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In S.F., Police Officers May Screen Body Cam Footage Before Filing Reports

Before the city can deploy body cameras for law enforcement, logistics must be laid out.

(TNS) -- One of the more contentious issues surrounding the national discussion on law enforcement body camera use has emerged in San Francisco’s talks on equipping its police with the devices. A working group developing a body camera use policy for the San Francisco Police Department could not agree on whether to allow officers to screen their footage before filing reports.

Group members flagged the issue as one that needs further discussion at Wednesday’s Police Commission meeting, where they presented their draft proposal and moved the Police Department a step closer to equipping about 1,600 officers with the high-tech cameras, which law enforcement watchdogs see as a way to hold police accountable and police see as a way to absolve them of wrongdoing.

While civil liberties advocates generally support the body cameras in the interest of transparency, they have warned repeatedly that the use of all surveillance equipment requires community input and a stringent policy before being introduced.

The American Civil Liberties Union has recommended that officers not be allowed to view their footage before filing a report. The issue was hotly debated in Los Angeles before the Police Commission ultimately voted to allow viewing.

Panel’s membership

The San Francisco group working on the draft policy is comprised of representatives from various city groups including members of the department’s command staff, the public defender’s office, the Office of Citizen Complaints, the police officers union and officers from specialized identity groups within the department such as the black officers group Officers for Justice and the Pride Alliance.

During the working group’s meetings, the police officers’ groups supported allowing officers to review footage for the sake of accuracy, but Deputy Public Defender Rebecca Young said it’s important that officers give their accounts of what happened without the temptation of adjusting their recollections based on the video.

She said while officers should be allowed to view the footage in some instances, they shouldn’t be allowed to view it if they are the witness, victim or suspect in a situation like a use-of-force complaint or an arrest for assault on a peace officer.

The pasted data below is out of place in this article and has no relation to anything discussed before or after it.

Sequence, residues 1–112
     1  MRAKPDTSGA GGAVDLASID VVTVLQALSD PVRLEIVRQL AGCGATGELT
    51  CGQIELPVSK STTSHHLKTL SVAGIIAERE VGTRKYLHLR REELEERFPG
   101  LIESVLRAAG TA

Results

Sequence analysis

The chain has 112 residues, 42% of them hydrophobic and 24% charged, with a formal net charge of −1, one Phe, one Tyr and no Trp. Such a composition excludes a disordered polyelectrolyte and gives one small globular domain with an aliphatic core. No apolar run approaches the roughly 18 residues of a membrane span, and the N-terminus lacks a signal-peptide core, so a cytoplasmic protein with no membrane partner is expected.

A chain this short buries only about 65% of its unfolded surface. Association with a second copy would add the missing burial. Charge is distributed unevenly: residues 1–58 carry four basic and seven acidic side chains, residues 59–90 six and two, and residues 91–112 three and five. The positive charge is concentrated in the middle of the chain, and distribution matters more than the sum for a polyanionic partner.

“We have to understand what causes officers in these cases to make detentions or to pull out their firearms and start firing,” Young said in an interview before the meeting. “There is a carve-out in our policy that in an officer-involved shooting, they do not get to view the footage before writing their report. I think the carve-out should also include when they do detentions and traffic stops and they end up conducting a search. I think what the officer is seeing that justifies the Fourth Amendment intrusion should be written from the officer’s memory — why he felt it was necessary.”

Access question

Young said she was also concerned with the draft policy’s stance on who gets access to the footage. While the policy states that the department will follow federal, state and local statutes regarding public records requests, Young pointed to the Oakland Police Department’s release of two videos of recent deadly encounters — but only to select members of the media — as an example not to follow.

At the meeting, Police Officers Association President Martin Halloran said in order to produce the “most accurate, thorough and complete report,” officers should be allowed to view the footage. He said officers have long been encouraged by the union to cooperate when they are at the center of an officer-involved shooting investigation even when they are not compelled to by internal affairs investigators.

However, he said he did not see that practice continuing if the officers would not be able to view body camera footage. “Attorneys will most likely advise them not to provide that voluntary statement,” he said.

Police Chief Greg Suhr said he thought not allowing the officers to view the footage would breed mistrust.

“If you put these (devices) on the officers with the message that it’s because we don’t trust them to start with, we’re not getting off on the right foot where the officers will embrace this new technology,” he said.

The working group met for 90 days to develop the policy, beginning the discussion shortly after Mayor Ed Lee announced that he was setting aside more than $3 million in the budget for the body cameras.

Police Commission President Suzy Loftus said that although the group did not come to a full consensus on every issue, such as the issue of when officers can view their footage, that was its purpose — to flag for the commission what issues require “a deeper dive.”

The Police Commission will now bring the policy to community meetings for public discussion, with hopes of finishing by October and having preliminary commission approval in November.

The policy will then go to the Police Department for review and then back to the commission for final adoption, Loftus said.

“So far, I’ve been impressed by the product,” she said of the draft policy. “I hope what happens is the commission starts off with a deeper level of understanding on some of the most pressing issues, and that will ensure we are the best police commissioners we can be in that we won’t be coming at an issue that is very complicated completely blind.

“There’s going to be additional questions that the folks in the group have not thought of, and that is something that should happen, too.”

The first public meeting on the body cameras is scheduled for Sept. 16.

©2015 the San Francisco Chronicle Distributed by Tribune Content Agency, LLC.